Thanks to BDP on Facebook, this flash of an episode of Frasier was posted featuring (now) Sir Derek Jacobi. I've been a long-time fan of Sir Derek stretching from when I first saw him onstage as both Cyrano de Bergerac and as Benedict in Much Ado About Nothing with the Royal Shakespeare Company in Straford-upon-Avon during my junior year in college in England. He'd play Cyrano for the matinee and Benedict for the evening performance. He went on to win a Tony for his performance of Benedict on Broadway. I saw him play the part several times in both New York and DC where I was able to meet him backstage at the Kennedy Center.

Imagine two more different characters than Cyrano and Benedict - it was quite feat to play the two parts in the same tour and often on the same day.

This hilarious parody of himself playing a scene from Hamlet in the video above is simply priceless. He is indeed satirizing himself - no small feat all on its own. He is well-known for his distinguished interpretation of Hamlet that makes the language of Shakespeare seem effortless, as though he is just making up the words as they just happened to pop into his own head. His performance had a profound affect on younger actors who followed, including Kenneth Branagh who would later go on to direct the both of them in Henry V and Dead Again, as well as Branagh's own Hamlet.

I've seen him on stage several times in other productions over the years, some good, some misses, but I confess the last time I saw him was in a play in London a few years ago and, well, I did have terrific seats not far from center stage but had not been off the plane very long from DC and fell sound to sleep in the middle of his performance. Out cold. I couldn't believe it when I woke up as the cast was taking their final bows and I opened my eyes and there he was. Not one of my more stellar moments.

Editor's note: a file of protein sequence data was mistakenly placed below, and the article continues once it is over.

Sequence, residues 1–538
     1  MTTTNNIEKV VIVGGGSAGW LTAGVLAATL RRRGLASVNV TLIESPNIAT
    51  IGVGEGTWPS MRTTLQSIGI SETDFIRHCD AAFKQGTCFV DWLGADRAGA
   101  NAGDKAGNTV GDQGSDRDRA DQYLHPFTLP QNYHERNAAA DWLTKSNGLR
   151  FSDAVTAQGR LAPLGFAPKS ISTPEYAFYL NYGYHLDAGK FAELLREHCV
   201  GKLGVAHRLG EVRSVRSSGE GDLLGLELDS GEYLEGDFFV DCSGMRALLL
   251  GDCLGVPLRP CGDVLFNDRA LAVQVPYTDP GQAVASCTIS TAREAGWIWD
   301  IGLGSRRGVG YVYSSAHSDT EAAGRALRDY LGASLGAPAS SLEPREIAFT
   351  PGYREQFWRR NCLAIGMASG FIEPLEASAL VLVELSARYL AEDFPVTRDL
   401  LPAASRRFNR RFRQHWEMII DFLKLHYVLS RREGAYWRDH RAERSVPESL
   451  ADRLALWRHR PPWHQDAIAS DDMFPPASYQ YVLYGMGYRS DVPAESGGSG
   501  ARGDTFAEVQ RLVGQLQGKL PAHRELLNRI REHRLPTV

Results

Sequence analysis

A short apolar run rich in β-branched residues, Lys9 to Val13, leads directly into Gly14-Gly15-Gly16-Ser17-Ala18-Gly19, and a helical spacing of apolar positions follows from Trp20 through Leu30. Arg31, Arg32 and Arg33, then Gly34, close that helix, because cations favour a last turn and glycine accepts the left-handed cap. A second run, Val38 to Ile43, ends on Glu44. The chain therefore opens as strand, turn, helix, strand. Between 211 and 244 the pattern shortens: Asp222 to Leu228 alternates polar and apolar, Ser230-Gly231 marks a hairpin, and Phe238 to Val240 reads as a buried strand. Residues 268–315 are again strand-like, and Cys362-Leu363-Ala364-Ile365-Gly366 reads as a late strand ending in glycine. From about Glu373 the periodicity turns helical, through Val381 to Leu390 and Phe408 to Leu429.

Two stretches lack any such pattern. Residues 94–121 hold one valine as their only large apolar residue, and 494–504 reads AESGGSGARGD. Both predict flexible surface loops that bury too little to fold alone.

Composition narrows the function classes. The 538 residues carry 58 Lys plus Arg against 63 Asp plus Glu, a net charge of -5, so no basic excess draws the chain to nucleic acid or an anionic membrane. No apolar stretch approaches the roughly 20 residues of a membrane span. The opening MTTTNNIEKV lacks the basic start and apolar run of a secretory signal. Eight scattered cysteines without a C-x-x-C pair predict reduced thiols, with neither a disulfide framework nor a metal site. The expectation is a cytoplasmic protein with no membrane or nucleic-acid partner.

Today he is well known for playing I, Claudius, as well as his mystery series based on the Cadfael novels. But here he is in early days presenting his unforgettable and powerfully understated (unlike the Fraiser parody) performance of Act 3, Scene 1 from Hamlet:

Sunday, September 27, 2009

Imagine there's no Communion, it's easy if you try ... no hell below us, above us only sky

We finally got around to reading The Imagined Community of the Anglican Communion over at The Other Cafe, thanks to Chip Webb, who couldn't believe the article didn't get more airplay. Perhaps it was because we all thought it was actually a brilliant parody on a slow news day. Oops.

But alas, it's serious, written by a serious historian in a serious library in a serious university in a serious state in the union. Or a serious state of something.

So get thee hence, but we suggest that you "right click" to open the article so that you may also click to play the kindly offering below to enforce the mood as one reads with great, well, seriousness, this quite serious article. No really.

In one fell swoop, whoooosh, the author reveals that the Lambeth Conference, the Primates, bishops, the Anglican Covenant, the Anglican Consultative Council, and yes, even the Archbishop of Canterbury (past and present) are all imagined. Only The Episcopal Church is real.

It's like the entire Anglican Communion has a serious case of Harvey.

Rowan Williams himself might possibly, yes may quite actually be - a myth. In fact, he might not even exist. If he does exist, then it's even worse for at any moment he's preparing to take up the mantle of the Ghosts of Canterburies Past and drop kick all the Methodists and what's left of John Henry Newman into oblivion. Yes, the author even quotes the Great Conservative Icon, shall we all bow, Edmund Burke in possibly one of the most outstanding examples of unconscious irony ever printed on a blog page. Here we find Burke, shall we all bow, himself being used to illustrate that at any moment, the Church of England is about to explode into purple gowned Nazis: “The pretexts are always found in some specious appearance of a real good.” That the author cannot see the log protruding out of his own eyeball (talk about calling the poor boiling kettle black) is really quite an astonishing thing to behold. And yes, dear friends, this guy is whittling away the hours in the Yale Library. Too bad the Scots took those early Episcopalians phone call and got us all signed up for the duration. We could have just imagined England was a dream.